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The role of surgeon personality in surgical decision-making.

Authors: Teresa Perra, Alberto Porcu Department of Medical, Surgical and Experimental Sciences, University of Sassari, Italy

Individual surgeon decision-making plays an important role, especially for conditions without a standard treatment.

Choice of anastomosis in colorectal surgery can be really complex. Each decision has specific short and long term implications for both the surgeon and patient. Quality of life, bowel function, and surgery-specific complications are affected by this choice.

A recent article by Bisset et al.1 shows that certain traits of surgeon personality could be associated with decision-making in specific scenarios.

Colorectal surgeons worldwide were invited to participate in a two-part online survey. Part 1 evaluated surgeon characteristics using the Big Five Inventory to measure personality in response to scenarios presented in Part 2, involving anastomotic decisions. Five domains were evaluated: agreeableness, conscientiousness, extraversion, emotional stability, openness. Surgeons could choose between formation of a primary anastomosis alone, a primary anastomosis with a temporary loop ileostomy, or permanent end colostomy, following diversion of the bowel.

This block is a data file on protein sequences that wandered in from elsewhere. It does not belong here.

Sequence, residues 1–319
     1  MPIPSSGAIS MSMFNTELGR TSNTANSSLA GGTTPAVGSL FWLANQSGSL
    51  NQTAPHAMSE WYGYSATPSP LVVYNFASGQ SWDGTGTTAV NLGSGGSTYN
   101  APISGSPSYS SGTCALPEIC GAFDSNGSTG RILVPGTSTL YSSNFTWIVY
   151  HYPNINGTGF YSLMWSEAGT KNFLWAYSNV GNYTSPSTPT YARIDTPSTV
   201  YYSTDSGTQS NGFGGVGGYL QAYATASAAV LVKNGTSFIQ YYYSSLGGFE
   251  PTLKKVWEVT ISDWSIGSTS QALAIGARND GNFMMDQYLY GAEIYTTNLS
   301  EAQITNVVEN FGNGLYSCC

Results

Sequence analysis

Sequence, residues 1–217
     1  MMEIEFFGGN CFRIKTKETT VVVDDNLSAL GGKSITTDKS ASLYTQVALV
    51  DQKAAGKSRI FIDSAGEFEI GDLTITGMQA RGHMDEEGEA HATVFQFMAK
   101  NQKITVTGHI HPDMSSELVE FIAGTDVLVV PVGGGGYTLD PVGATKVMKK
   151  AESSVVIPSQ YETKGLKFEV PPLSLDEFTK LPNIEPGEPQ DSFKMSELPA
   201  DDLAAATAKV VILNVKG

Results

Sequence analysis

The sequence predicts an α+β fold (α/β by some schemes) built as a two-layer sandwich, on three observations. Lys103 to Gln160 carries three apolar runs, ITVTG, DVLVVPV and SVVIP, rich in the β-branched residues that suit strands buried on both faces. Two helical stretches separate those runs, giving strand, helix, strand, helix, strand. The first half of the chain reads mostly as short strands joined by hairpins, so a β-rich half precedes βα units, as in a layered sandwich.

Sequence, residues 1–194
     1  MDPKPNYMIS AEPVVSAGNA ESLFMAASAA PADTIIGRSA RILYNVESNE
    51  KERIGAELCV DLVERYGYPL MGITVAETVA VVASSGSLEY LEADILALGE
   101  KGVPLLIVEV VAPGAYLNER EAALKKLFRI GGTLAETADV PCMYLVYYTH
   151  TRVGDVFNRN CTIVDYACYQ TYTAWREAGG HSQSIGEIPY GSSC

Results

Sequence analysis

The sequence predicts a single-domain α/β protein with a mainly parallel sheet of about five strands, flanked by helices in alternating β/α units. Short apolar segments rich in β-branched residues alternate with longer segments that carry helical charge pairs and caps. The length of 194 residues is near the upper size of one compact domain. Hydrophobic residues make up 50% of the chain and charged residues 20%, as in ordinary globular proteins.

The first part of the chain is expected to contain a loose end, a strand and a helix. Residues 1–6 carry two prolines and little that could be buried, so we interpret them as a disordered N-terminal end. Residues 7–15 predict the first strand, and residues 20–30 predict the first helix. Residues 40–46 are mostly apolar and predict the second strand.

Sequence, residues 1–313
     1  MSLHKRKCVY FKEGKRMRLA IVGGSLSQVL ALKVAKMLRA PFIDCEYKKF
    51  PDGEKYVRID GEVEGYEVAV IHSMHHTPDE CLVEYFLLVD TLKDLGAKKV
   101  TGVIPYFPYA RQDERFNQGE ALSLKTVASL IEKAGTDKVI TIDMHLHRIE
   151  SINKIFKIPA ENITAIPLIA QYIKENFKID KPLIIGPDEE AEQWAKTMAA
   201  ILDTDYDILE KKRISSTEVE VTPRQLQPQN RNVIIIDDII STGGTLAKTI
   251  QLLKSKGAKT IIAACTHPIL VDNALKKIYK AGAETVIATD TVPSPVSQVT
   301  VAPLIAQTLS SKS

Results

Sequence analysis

Previous studies2,3 suggested that older surgeons, and surgeons with confidence are more likely to form primary anastomosis alone and construct fewer stomas.

The individual surgeon’s perception of their anastomotic leak rate can influence decision-making. Surgeons with lower perception are more likely to perform the higher-risk option (i.e. primary anastomosis alone).

Variation in surgical decision-making is influenced by the personality of the surgeon1-3. Personality can be considered a cumulative result of life experiences and changes throughout a medical career. It is influenced by the various successes or failures during their surgical career.

There remains little evidence in the medical literature about surgeon personality and patient outcomes. The decision to operate versus non-operative management, pre-operative procedure planning, intra-operative changes in approach and postoperative management, all require careful consideration, that must include the response to complications3.


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